What is metadata? metadata is data about data. It is descriptive information about a particular data set, object, or resource, including how it is formatted, and when and by whom it was collected. metadata can be useful to attackers because it contains useful information about the system where the file was created such as:
Name of user logged into the system
Software that created the document
OS of the system that created the document
FOCA is a security audit tool that will examine metadata from domains. It uses search engines to find files on domains, or you can use your own local files.
If you are internet facing, you are vulnerable to Distributed Denial of Services or DDoS attacks. Attacking network services is on the rise as the price for computing power decreases and people become more dependent on technology. Studies from leading service providers show DDoS attacks have grown from 9 to 500 Gbps in the last five years. Botnets are becoming an underground commodity that can be rented for as low as 10 dollars an hour to launch strategic DDoSattacks. Governments are investing in military strategies based on the ability to interrupt enemy computer services through targeted DDoS attacks. These attacks are indeed a weapon of mass disruption.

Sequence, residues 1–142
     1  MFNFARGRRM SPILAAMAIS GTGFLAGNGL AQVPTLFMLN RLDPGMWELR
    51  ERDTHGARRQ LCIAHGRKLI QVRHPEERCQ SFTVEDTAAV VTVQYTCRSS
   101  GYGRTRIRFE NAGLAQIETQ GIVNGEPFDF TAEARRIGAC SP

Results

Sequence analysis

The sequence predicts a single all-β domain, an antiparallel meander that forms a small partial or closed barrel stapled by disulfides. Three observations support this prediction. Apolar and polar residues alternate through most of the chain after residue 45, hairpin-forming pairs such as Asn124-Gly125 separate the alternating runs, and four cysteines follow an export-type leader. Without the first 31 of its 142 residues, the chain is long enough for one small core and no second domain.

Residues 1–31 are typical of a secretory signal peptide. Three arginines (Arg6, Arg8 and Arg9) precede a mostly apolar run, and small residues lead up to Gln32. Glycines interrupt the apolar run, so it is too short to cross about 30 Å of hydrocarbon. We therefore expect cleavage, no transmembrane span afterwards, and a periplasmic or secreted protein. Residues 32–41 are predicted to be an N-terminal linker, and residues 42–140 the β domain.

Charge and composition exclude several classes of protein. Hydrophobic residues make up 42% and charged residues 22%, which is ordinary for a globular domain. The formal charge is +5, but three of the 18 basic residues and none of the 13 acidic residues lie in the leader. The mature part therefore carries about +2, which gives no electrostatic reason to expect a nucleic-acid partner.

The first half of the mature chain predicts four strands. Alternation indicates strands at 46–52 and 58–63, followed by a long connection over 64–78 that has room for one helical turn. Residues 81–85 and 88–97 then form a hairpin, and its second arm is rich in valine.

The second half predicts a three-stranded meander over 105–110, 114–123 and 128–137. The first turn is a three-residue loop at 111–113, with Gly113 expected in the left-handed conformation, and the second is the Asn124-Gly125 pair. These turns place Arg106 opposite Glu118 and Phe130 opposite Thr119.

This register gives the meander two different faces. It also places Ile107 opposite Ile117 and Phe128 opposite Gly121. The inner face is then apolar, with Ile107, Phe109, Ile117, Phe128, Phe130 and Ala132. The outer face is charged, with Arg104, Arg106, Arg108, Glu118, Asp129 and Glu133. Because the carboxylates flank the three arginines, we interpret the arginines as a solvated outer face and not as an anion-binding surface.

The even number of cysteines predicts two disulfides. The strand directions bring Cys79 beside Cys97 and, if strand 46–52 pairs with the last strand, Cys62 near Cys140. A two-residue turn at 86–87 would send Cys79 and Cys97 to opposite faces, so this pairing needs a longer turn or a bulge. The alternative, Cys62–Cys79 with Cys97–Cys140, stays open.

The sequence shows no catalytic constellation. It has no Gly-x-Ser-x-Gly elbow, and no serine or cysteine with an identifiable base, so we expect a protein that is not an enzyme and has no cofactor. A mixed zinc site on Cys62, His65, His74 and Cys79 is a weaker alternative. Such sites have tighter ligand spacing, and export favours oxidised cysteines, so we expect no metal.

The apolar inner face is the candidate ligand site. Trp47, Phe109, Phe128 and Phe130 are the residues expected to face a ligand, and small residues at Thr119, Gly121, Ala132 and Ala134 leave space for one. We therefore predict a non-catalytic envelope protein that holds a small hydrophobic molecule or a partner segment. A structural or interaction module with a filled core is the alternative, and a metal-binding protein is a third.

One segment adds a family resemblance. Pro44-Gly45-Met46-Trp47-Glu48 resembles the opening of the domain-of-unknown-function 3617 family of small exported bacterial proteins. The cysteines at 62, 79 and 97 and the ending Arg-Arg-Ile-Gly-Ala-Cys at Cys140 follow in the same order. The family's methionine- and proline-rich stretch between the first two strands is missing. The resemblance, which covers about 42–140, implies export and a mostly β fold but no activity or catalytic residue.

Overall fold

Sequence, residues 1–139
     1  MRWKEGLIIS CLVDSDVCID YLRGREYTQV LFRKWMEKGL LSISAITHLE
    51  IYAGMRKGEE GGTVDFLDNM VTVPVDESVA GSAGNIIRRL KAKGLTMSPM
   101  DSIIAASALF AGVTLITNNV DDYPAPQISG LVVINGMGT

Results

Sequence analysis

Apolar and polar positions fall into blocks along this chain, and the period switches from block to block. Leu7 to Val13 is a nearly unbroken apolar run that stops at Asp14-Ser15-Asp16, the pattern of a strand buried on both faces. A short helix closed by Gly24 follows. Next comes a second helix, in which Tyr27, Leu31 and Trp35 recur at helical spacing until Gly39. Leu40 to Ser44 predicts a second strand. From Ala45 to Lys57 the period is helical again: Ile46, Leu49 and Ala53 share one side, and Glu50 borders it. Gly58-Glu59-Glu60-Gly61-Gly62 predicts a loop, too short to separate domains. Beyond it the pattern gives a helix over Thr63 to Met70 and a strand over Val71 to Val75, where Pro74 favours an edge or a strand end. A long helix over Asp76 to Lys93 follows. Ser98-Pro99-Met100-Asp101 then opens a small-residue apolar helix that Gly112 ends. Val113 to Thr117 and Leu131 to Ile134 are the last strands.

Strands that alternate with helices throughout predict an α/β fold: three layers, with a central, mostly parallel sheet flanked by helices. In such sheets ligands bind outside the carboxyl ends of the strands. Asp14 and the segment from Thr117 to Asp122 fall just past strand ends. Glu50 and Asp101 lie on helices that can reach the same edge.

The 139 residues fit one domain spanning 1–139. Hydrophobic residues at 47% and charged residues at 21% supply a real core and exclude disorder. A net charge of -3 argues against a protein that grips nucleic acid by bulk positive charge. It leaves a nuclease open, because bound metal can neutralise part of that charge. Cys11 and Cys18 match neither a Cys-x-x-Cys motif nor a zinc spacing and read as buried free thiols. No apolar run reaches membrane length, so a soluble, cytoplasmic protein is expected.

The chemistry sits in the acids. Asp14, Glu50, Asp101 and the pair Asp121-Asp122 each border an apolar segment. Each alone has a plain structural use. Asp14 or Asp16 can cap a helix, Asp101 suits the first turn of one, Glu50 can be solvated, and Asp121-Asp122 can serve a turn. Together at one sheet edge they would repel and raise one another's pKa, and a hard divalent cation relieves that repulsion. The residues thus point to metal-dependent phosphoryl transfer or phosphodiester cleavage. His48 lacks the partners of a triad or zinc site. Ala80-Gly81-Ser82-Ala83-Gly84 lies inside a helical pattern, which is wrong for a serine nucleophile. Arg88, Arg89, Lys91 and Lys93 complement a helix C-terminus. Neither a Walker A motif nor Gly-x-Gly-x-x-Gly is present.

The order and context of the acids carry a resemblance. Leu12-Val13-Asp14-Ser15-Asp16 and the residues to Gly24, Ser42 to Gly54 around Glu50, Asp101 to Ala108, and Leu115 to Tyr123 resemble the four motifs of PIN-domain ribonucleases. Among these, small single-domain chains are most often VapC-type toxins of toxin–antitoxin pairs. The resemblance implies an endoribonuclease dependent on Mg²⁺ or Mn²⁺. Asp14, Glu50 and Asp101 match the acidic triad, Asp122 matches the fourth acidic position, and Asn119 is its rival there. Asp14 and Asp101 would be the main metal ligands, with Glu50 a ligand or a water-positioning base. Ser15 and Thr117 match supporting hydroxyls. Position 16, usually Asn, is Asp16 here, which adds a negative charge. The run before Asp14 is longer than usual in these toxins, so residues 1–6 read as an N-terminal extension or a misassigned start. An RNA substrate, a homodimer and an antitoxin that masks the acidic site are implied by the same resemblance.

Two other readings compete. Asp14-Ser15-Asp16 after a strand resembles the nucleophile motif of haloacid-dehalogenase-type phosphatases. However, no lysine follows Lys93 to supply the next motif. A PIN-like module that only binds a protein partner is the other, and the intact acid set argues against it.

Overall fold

Most customers who survive a DDoS attack will experience serious downtime and lost revenue. Older DDoS attacks primary involved saturating bandwidth and network services with bogus traffic. The latest trend of DDoS attacks are targeting applications, which are harder to detect and require less computing power to execute. Some DDoS attacks focus on security tools (example overloading TCP state tables) so the security defenses become bottlenecks and eventually the source of network failure. Other DDoS attacks target key infrastructure such as DNS or other critical services. The area of risk for DDoS is pretty much your entire network.